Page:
I was eight years old when my father was murdered. We were playing outside our apartment when my mum got a call that my dad’s shop had been robbed and gunshots were fired. We then learned that my father had been shot and was in hospital. My mum went straight to the hospital, and we waited anxiously at my grandparent’s home for the news. Soon the news reached us that my father had passed away. Our entire world was shattered that day.
My father was only 29 years old when he was gunned down by robbers while trying to defend his brother and business. My mother was now a widow at the age of 27, with four children to take care of. I was now the eldest male in the house at the age of 8, my youngest sibling was only four months old. The future was uncertain.
But Allah takes care of us in ways we can never imagine. If He takes something away, there is always a wisdom and something better awaiting those who are patient. I was blessed with a beautiful support network in my family. My father’s parents became a second set of parents to us. They paid our bills, took us for Umrah, paid for our education, and provided us with a lot of love and wisdom.
My mum, a righteous woman, started an Islamic school named after my dad, so that she could earn some income and serve the community at the same time. Her school grew into one of the most successful Muslim schools in the country and remains so even today. My mum had high aspirations for me as the eldest. She wanted me to study Islam and become a role model and leader for the rest of the family.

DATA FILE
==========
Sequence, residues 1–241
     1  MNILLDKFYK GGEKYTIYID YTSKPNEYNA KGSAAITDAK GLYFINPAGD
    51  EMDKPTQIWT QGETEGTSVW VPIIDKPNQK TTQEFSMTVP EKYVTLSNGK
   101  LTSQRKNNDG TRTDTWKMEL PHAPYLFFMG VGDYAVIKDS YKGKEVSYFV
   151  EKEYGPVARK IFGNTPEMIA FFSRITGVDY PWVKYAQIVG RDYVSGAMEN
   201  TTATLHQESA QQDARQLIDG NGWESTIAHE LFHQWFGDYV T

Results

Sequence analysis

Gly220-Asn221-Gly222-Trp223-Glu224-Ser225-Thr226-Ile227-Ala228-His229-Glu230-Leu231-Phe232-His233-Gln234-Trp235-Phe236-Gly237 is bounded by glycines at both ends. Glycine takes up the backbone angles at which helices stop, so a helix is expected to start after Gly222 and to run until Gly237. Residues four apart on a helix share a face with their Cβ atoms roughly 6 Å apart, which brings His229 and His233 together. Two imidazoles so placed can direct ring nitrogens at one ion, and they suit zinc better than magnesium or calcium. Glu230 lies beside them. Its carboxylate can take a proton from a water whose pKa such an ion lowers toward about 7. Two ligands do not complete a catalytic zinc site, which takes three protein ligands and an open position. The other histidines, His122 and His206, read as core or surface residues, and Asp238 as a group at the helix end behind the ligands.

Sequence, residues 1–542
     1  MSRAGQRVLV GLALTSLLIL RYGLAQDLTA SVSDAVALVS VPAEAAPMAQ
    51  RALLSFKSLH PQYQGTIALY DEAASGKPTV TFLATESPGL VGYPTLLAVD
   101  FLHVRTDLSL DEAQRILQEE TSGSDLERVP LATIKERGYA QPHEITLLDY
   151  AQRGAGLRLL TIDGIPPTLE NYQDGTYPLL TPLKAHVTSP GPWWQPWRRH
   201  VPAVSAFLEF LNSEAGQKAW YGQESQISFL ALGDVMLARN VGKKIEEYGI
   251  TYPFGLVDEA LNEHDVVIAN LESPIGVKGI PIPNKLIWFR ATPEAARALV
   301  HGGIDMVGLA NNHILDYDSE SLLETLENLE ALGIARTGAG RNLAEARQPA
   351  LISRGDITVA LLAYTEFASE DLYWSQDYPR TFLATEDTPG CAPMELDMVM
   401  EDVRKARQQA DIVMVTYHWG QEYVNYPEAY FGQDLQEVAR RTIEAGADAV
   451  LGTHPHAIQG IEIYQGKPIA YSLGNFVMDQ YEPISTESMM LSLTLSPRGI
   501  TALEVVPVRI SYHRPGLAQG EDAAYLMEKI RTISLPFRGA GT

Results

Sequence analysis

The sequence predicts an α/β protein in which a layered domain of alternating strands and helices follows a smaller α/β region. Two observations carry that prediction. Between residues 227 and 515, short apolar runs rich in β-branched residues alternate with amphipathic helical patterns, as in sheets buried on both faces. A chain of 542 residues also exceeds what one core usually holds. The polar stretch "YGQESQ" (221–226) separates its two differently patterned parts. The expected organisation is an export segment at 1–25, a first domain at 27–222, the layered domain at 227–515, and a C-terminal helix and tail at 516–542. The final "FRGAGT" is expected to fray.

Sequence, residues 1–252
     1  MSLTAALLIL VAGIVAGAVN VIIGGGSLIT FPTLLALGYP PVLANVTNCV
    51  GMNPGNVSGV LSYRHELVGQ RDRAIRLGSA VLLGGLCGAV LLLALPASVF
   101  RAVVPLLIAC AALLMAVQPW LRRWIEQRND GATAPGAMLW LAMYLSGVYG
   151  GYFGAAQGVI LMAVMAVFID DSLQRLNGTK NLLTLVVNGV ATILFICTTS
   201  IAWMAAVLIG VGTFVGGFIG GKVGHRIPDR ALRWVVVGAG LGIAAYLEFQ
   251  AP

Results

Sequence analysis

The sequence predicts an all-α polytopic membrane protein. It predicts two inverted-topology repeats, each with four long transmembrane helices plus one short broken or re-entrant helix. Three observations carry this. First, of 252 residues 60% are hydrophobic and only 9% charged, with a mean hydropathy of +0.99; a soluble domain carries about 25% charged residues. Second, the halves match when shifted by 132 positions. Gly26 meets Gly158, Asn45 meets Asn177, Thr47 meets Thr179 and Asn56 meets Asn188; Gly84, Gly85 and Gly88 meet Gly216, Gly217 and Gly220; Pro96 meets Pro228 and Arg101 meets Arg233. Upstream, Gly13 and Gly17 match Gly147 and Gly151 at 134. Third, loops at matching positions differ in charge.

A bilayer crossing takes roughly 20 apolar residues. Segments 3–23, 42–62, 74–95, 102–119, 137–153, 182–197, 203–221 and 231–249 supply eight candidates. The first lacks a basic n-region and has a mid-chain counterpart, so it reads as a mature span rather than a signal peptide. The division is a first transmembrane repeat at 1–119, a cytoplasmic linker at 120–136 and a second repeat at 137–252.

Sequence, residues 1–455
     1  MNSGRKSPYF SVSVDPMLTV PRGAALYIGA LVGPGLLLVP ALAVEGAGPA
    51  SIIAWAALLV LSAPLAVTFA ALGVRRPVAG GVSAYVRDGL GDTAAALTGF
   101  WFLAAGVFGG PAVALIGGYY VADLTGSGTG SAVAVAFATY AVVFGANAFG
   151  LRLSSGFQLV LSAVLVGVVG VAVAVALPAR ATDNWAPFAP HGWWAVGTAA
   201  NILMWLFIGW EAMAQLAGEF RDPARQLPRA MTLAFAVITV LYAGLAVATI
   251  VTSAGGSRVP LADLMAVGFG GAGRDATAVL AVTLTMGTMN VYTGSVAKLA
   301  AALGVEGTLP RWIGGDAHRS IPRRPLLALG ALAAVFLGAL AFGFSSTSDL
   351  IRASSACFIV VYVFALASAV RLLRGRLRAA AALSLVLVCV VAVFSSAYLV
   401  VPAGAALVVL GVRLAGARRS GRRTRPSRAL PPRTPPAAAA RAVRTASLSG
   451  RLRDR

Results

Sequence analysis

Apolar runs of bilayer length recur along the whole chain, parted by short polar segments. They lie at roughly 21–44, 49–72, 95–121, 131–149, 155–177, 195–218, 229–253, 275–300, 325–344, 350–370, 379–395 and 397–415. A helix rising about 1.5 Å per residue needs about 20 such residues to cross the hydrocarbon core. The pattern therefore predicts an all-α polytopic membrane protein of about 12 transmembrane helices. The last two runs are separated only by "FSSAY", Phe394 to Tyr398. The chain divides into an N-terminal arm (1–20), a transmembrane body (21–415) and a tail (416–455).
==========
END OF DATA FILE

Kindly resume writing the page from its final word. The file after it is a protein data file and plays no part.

When I was thirteen years old, my mum pulled me out from school and enrolled me in the Alim Program at a local Madressa. I continued schooling from home while doing my Alim studies, so that I could pursue higher education after, which came in handy. From age thirteen to twenty, I was a fulltime student of knowledge, and grew to love Islamic Studies, devoting my entire life to it.
When I was fifteen years old, I met Shaykh Ahmed Deedat (RA) during the last year of his life and was inspired to do Dawah. That year I started lecturing and doing Dawah as well. My student years were difficult as I was confused by the various sects that existed. I spent a lot of time studying outside my curriculum with teachers from other movements to get a deeper experience. Eventually, at the age of twenty I graduated from the Alim program. That year I got married and started working as a schoolteacher.
After graduating, I pursued a Bachelors in Islamic Studies to get a different experience. Between the two programs, I was exposed to various classical and contemporary approaches to Islam that shaped my mindset. Eventually, I graduated from the Bachelors program and currently work as a researcher at Yaqeen Institute for Islamic Research.
One of the primary reasons why I was able to be successful despite growing up without a father is because of my strong support network. My mother, all four of my grandparents, my various uncles and aunts, all played a major role in helping me grow into the man I am today. I never felt deprived of anything because there was always someone in my family who provided me with knowledge, advice and skill training. I also had great mentors and teachers every step of my journey that encouraged me to grow into the best version of myself.
Another important reason was my mum. Her courage, piety, long-term thinking and high aspirations for me pushed me to become the man I am today. I am grateful to Allah for this beautiful life He has blessed me with. Even without a father, I still have it all. I ask Allah to reunite us with my father in Paradise, and to grant my parents and grandparents a copy of all my good deeds.